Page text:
Regular price: $24.95
Buy Now with 1 Credit
Buy Now for $24.95
The story was enjoyable but in the grand scheme of the McGill world, one of the more pointless adventures. James's motivation throughout the story made very little sense, and the book kind of resets itself at the end so that nothing that the characters worked on really seems to matter. Instead of developing anything new, Larson continues to recycle the same old cast complete with lots of scheming from Claver who of course is in this book too. Larson does introduce "new" aliens so that James can sleep with them and then run off to the next conquest, its all stuff you have read seven other times and frankly now that James is a 40 year old man it just seems kind of pointless and depressing. I think that this series is like a TV show, its a cash cow for the writer and so he can't afford to actually do anything interesting with the franchise, he can't take risks or commit to any changes in the series dynamics because that might jeopardize its financial viability. Each book is like an episode, none of the characters can die, the plot can't really move forward, and we reset every time. Ultimately its just cheap scifi, and its enjoyable but if you want to read anything that commits to telling a sincere story you are going to have to find a different author.
5 of 5 people found this review helpful
BV Larson can call the worlds in the “Undying Mercenaries,” series anything he wants, “Steel world,” “Dust world,” “Rogue world,” “Tech World,” etc. but they are all “McGill’s World;” and everyone else just lives in them. If you’re looking for logic or a sense of world order than this series isn’t for you, James McGill sets the terms and everyone else just falls in place; but it’s the way he goes about things with his country charm and bravado that makes these stories entertaining.
“Blood World,” is typical of every other James McGill tale; he annoys superiors, dies a few times, chases women, and becomes the hero while thwarting any divisive plot that he doesn’t agree with. There is subject matter from previous books that tie into this story giving fluidity to the series, and, of course Mark Boyett gives another spot on performance as the voice of James McGill. Can’t wait for the next one
10 of 11 people found this review helpful
Blood World is the eighth book in the Undying Mercenaries series and has been a long wait for me while B V Larson pens other books in his various sagas. It's hard for me to decide which of his series I most enjoy, the Star Force or the Undying Mercenaries. The former has a more serious undertone while the latter, although perhaps more visceral and brutal in its descriptions of combat, has a slightly comic element to it in the James McGill character. One thing Larson tends to do with most, if not all, of his leading characters is to make them brave, clever and a real ladies man. I suppose you could say that he models his main lead males on the classic Captain Kirk mould. It's not terribly sophisticated or layered by modern standards perhaps but certainly makes for a more straight forward "go getter" type hero that keeps things simple.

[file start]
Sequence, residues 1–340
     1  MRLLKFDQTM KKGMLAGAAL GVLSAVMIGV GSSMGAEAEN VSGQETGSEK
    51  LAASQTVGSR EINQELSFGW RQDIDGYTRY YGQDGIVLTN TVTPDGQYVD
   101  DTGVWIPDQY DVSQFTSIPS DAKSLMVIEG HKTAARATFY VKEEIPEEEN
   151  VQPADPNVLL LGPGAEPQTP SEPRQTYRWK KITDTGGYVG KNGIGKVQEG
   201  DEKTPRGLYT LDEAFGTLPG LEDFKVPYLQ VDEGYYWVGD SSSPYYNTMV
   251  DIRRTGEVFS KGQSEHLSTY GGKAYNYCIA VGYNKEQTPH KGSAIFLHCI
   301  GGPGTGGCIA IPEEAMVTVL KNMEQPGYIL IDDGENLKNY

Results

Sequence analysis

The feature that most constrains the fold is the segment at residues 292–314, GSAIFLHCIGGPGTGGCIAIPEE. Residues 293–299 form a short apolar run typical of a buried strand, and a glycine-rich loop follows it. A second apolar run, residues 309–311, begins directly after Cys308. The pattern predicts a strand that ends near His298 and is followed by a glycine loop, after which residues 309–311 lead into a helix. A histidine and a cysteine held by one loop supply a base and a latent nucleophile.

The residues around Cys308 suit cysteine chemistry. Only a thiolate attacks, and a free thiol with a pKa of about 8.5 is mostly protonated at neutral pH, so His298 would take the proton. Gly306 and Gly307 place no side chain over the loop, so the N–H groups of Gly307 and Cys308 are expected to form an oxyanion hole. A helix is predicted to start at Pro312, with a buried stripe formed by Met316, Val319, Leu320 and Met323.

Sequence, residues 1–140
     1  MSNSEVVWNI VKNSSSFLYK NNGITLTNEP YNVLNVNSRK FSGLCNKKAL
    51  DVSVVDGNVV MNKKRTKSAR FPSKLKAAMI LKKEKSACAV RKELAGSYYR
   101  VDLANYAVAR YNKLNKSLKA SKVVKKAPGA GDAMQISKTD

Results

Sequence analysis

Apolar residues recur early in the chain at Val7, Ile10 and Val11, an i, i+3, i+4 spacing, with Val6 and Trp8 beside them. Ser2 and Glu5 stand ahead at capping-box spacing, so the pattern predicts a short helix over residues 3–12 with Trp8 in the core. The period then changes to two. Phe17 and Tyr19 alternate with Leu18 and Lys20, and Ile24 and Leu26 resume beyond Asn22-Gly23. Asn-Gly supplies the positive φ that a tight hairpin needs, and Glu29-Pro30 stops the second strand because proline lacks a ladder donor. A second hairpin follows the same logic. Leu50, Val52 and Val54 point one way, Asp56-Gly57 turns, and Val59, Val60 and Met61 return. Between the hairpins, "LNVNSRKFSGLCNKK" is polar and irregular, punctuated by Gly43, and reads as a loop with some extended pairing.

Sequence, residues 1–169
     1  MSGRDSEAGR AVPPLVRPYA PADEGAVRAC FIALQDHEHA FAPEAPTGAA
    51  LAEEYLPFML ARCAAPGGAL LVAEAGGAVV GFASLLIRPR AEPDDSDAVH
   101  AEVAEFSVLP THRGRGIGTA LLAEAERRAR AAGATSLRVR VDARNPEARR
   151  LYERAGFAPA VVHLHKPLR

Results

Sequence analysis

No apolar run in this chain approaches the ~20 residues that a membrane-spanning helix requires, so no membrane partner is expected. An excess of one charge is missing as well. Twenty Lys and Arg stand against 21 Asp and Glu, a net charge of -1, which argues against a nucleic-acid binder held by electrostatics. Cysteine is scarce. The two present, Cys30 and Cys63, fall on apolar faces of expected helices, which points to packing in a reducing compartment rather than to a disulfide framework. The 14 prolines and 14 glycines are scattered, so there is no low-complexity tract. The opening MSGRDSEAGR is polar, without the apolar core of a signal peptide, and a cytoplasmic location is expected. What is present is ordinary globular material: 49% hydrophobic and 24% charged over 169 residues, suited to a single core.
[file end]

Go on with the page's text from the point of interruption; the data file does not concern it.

So, what of the story? Well , if you are a fan of this series as I am, then I'd say it wasn't the best but it's by no means the worst. The difference between those two poles is very small in fact given Larson's ability to write solid action stories. It has pretty much all the elements we're used to seeing which makes for a satisfying read. However, I did find the premise a little confused. Earth has to put its fighting forces against those of other species to determine who gets the millions of troops waiting for a new master. wwe've seen these ferocious soldiers before but I'll not say here who they are. OK, so a competition to see who is the most worthy of the fighting force on offer. So, why does Earth get to send two representatives in the form of legions Varus and Germanica? Perhaps I've missed something here but I thought only one entry ought to be allowed. Other species in the competition were only represented once so I didn't understand what was the point. I do think Larson could've come up with a plot that made more sense in this regard .
Nevertheless, Larson keeps the action coming and he is adept at doing this. As ever, Larson comes up with imaginative aliens and detailed battlefields and worlds. Based on how this book ended, it is perhaps more exciting to see where the next book takes us as Earth prepares to do battle with forces that are fighting a civil war within the mighty Galactic empire.
Mark Boyett is here to narrate this and has been all throughout the series which makes for lovely consistency. He delivers all main characters just as we remember although I did feel that the early renditions of Claver were not quite right. He corrects this later in the book though.
Not too much else to say here. Larson delivers another satisfying if somewhat convoluted plot that essentially ticks all the boxes for an Undying Mercenaries story.
1 of 1 people found this review helpful
war & peace it aint but it bounds along for a fun few hours... cant wait for the next instalment
1 of 1 people found this review helpful